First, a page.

By Ikechukwu Amaechi

ONCE again, President Muhammadu Buhari is in London, primarily on medical tourism, but also to attend a Summit on Financing Global Partnership for Education, GPE, 2021-2025. According to the presidency, the summit will bring together heads of state and government, as well as stakeholders and youth leaders, and provide a platform for partners to chart a way forward toward transforming education systems in partner countries through exchange of best practices.

The presidency disclosed that deliberations at the summit which will focus on issues such as the power of education, transforming education for girls, priorities for transforming education in the next five years, etc., will also offer the leaders the opportunity to make five-year pledges to support GPE’s work in transforming education systems in at least 90 countries. Taking at face value, the idea of the one-day education summit is cheering news, but hyping a meeting, scheduled to be virtual, as the reason for the president’s trip is deceitful. But that should not surprise anyone. 

Buhari’s government is a study in deception. For instance, speaking during an interview on Channels Television’s Politics Today on Tuesday, Femi Adesina, media adviser to the president, said his principal’s incessant medical tourism was because he has been with the same doctors and medical team in the United Kingdom for upward of 40 years. “It is advisable that he continues with those who know his medical history and that is why he comes to London to see them. He has used the same medical team for over 40 years. Once you can afford it, then stay with the team that has your history.”

To be clear, I agree with Adesina that anyone who can afford it should not hesitate to seek medical attention from anywhere. But Buhari is not just anyone. Aside being the President of the Federal Republic of Nigeria, leadership is about integrity. A leader’s word must be his bond. Uprightness means doing what one has promised to do because as the saying goes, “My Word is My Bond … and it is all I have of worth.”

In a speech to the Nigeria Medical Association in April 2016, Buhari, just one year into his presidency, vowed that government’s hard-earned cash would not be spent on treating officials overseas, especially in cases where Nigeria had the requisite expertise.

When the President flew to London in June 2016 to be treated for what his office described as a ‘persistent” ear infection, Dr. Osahon Enabulele, the then Vice-President of the Commonwealth Medical Association, said it was a “national shame” that he not only reneged on his promise to end “medical tourism” but actually went to the UK for treatment when Nigeria had more than 250 ear, nose and throat, ENT, specialists, as well as a National Ear Centre.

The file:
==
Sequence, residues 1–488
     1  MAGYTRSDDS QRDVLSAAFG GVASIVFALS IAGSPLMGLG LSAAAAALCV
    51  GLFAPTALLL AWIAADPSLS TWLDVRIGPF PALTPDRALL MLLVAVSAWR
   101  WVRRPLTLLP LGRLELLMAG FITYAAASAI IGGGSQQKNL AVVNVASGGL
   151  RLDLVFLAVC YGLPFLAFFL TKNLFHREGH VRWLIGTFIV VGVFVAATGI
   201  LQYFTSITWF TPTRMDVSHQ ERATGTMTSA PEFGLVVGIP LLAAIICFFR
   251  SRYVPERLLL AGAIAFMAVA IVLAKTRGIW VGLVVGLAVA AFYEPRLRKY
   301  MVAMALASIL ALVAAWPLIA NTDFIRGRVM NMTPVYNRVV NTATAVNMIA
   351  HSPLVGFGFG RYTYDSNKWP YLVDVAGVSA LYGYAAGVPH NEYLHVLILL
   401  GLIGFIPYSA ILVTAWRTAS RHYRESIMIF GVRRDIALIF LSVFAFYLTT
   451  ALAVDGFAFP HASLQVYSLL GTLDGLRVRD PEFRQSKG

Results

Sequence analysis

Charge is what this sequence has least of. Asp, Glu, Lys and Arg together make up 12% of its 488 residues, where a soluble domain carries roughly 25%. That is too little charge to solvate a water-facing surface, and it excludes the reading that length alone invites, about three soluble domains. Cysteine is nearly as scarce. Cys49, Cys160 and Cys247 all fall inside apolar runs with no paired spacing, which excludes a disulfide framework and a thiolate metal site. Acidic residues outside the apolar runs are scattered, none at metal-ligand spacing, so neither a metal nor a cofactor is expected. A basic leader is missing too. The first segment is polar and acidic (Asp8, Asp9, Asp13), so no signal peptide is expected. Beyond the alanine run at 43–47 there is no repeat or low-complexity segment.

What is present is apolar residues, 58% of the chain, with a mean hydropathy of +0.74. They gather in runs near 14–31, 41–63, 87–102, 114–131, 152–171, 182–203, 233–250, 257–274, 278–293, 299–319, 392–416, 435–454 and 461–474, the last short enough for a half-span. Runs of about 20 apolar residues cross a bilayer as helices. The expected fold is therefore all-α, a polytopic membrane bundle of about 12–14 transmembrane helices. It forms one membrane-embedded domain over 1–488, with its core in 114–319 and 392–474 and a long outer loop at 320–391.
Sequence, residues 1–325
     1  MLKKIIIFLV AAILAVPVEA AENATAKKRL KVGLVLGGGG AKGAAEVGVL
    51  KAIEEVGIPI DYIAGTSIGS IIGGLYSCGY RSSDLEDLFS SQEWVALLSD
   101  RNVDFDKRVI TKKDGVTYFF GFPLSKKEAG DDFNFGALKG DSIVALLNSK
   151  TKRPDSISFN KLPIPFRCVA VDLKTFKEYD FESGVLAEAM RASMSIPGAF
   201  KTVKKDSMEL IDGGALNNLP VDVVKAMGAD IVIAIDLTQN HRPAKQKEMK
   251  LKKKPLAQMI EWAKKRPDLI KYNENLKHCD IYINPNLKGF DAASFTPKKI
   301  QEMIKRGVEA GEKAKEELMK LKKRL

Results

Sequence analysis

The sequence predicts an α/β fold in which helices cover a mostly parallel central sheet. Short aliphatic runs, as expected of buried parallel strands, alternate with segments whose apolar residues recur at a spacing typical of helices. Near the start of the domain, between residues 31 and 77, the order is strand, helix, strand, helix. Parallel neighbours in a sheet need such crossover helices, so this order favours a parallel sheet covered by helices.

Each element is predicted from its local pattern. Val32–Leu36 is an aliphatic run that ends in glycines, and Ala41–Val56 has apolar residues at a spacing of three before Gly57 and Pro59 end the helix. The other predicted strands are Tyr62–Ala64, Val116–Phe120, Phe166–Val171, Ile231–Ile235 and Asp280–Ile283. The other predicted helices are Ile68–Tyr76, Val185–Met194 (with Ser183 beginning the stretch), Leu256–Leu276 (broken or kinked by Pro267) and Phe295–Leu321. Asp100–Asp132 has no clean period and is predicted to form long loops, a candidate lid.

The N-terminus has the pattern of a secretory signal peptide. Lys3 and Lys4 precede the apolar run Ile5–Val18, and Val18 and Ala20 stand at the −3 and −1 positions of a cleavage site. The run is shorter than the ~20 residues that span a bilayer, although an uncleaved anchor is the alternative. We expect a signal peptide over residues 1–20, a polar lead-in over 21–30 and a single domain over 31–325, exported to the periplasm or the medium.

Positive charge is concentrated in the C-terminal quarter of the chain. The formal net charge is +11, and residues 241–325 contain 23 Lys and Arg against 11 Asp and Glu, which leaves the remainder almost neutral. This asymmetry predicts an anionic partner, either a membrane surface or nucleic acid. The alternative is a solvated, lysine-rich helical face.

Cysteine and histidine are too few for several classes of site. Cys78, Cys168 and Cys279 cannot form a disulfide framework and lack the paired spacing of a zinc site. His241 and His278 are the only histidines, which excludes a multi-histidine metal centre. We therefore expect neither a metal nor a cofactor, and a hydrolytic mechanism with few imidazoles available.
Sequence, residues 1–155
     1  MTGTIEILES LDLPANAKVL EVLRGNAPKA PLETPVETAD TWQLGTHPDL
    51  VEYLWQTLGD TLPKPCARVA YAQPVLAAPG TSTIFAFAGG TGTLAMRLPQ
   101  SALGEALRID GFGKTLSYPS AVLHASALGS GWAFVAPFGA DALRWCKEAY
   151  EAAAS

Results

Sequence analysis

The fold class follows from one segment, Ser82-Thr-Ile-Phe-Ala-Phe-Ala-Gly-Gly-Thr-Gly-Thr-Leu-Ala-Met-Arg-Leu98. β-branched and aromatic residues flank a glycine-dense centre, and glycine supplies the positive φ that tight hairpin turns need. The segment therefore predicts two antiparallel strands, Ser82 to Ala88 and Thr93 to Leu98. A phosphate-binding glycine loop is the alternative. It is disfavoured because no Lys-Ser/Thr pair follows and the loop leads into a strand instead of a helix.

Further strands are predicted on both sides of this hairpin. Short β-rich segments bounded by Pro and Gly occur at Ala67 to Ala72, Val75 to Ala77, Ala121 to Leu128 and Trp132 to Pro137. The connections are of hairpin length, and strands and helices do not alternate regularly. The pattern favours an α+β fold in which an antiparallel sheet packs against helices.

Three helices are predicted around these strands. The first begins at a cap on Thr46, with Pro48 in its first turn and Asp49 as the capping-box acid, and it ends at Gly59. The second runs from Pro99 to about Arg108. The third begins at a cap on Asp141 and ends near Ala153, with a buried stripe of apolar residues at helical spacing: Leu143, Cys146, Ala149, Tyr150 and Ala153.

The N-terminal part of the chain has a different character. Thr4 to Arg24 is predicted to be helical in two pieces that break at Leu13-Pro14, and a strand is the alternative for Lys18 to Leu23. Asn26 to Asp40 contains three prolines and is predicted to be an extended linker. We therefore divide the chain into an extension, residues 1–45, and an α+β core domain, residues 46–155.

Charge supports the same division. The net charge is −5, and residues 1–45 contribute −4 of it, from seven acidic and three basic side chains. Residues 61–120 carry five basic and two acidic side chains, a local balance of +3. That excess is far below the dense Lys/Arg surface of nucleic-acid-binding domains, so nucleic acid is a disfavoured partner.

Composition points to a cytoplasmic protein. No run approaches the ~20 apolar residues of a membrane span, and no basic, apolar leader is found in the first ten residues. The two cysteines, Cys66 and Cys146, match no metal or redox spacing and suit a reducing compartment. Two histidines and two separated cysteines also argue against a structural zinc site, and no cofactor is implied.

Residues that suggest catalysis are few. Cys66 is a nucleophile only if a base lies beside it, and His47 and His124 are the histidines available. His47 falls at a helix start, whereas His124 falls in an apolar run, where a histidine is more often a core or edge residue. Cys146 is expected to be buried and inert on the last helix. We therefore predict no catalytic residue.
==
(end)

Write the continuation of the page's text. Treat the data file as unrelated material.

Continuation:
But that is no longer an issue. If the only place the president feels comfortable seeking medical help is London, so be it since Nigeria can afford to pay the bills, as ironic as that may be. But there is something hypocritical in the noise being made on the education summit.

Buhari is expected to make a presentation on Thursday. In the Channels Television  interview, Adesina claimed, without any statistics, that there was a reduction in the number of out-of-school children in the country, promising that Buhari would brief participants at the summit, which would be co-hosted by the British Prime Minister, Boris Johnson, and Kenyan President, Uhuru Kenyatta, on that.

That claim is spurious. What possibly could have led to the reduction in the embarrassing number of out-of-school children in Nigeria? On the eve of Buhari’s departure to London on Tuesday, July 27,  Kaduna State government suspended, indefinitely, the resumption of schools across the state. Governor Nasir el-Rufai told stakeholders that he took the decision due to an “ongoing aggressive military operation against bandits in most parts of the state”.

While the jury is still out on why el-Rufai decided to launch “aggressive military operation” against mere “businessmen” – alias bandits – it is curious that no arrests are ever made by the same security personnel that have the expertise to smoke out the likes of Nnamdi Kanu, leader of the Indigenous Peoples of Biafra, IPOB, and Sunday Igboho, Yoruba Nation agitator, from foreign countries.